Denmark to ʿⱦapp

Hailing from Denmark, ʿⱦapp student Camilla Egelund arrived in Durham three years ago to work as an au pair for an American family with three children. 

“I was going to do one year with the family but fell in love with them, so I stayed a second year,” Egelund said. 

Her visa was up after year two, but she wanted to stay in Durham with her family longer, so she began looking at options to make that happen. 

“I wasn’t ready to go back to Denmark. I loved my family and Durham,” she said. “Studying in the U.S. had always been a dream of mine, but it did not seem realistic so finding out I could stay here and start at a community college right in Durham was the start of it all for me.” 

ʿⱦapp helped Egelund with the student visa process, ensuring Egelund had correct documents and documentation and guided her on how to apply to the College. 

“My first day at ʿⱦapp was a joy. I started taking classes for non-English speakers. I felt so welcomed,” Egelund said. “It helped that I was in class with other non-native speakers. We were all in the same boat, and we navigated things together.” 

Along with her peers, the ʿⱦapp instructors were key to Egelund’s initial success, she said.  

“As an international student I relied on my teachers a lot,” Egelund said. “They helped me with school things, but also facilitated me meeting other students and making friends. They made sure I was comfortable and confident with getting around campus. It was like kindergarten when the teacher comes and holds your hand and guides you.”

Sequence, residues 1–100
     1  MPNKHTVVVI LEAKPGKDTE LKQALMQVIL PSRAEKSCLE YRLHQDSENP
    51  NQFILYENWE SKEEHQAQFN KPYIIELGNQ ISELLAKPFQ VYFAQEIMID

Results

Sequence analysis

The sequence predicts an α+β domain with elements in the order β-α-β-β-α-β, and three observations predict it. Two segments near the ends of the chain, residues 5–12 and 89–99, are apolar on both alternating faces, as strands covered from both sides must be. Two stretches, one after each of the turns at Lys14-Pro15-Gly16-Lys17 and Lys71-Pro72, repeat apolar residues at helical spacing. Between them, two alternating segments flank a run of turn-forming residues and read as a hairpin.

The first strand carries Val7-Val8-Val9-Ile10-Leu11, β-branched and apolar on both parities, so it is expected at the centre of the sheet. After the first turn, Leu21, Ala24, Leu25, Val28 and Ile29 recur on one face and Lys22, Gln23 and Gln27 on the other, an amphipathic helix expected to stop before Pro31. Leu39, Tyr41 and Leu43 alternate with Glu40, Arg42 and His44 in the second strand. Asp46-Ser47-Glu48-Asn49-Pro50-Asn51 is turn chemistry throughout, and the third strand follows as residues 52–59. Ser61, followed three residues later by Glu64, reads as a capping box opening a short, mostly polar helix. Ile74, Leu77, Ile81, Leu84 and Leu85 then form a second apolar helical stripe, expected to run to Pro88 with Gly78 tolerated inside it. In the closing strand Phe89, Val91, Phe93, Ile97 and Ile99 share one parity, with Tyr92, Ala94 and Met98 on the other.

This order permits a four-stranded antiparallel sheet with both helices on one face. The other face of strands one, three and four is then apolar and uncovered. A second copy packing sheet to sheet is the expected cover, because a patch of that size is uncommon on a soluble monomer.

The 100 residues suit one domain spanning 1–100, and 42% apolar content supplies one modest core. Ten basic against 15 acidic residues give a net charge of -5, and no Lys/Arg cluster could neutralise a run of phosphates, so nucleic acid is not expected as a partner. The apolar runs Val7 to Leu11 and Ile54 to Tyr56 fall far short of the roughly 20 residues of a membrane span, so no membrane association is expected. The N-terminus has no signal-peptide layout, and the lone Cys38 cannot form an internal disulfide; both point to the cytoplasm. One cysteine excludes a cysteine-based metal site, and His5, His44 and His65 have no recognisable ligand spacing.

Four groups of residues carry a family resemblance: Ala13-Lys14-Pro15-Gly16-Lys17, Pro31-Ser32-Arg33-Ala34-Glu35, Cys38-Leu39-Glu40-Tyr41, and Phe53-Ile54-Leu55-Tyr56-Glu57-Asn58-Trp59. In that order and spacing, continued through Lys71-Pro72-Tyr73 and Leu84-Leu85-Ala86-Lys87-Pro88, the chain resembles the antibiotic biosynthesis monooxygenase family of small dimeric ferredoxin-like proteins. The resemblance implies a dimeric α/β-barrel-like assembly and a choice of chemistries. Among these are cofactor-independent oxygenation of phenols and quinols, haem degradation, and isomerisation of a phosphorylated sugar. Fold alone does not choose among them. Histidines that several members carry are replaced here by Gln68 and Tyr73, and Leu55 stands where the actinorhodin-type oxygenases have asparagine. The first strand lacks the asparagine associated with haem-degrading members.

The college experience here is quite different than what Egelund would experience in Denmark, she said. 

“There are so many differences between here and there. In Denmark we do not author essays as we do in the States,” she said. “We don’t use MLA or AP style. These sound minor, but they show the level of difference. Basic things differ and that is why having strong, kind guidance is so key early on for non-English speakers. ʿⱦapp continues to prepare me.” 

Egelund is pursuing an associate of arts degree and will finish next year. She hopes to transfer to North Carolina Central University to study hospitality and tourism or business management. 

“My associates of arts helps toward both these degrees,” Egelund said. “I have a little bit of time before I have to decide between the two.” 

Egelund said she did not know what to expect when she came to the States, but she figured out quickly that the weather and the people are two things she enjoys. 

“The people here are much more open, helpful, and kind. The first time I went to the grocery store I had a lady approach me and ask where I got my shoes,” Egelund said. “In my mind I was thinking, what is happening, why is she talking to me? It was so different because in Denmark we would never approach anyone like that. You don’t do small talk as you wait to check out.” 

This was overwhelming for Egelund at first, but now she loves it, and when she goes back to Denmark, she tells her family and friends to “smile a little more, talk to people.”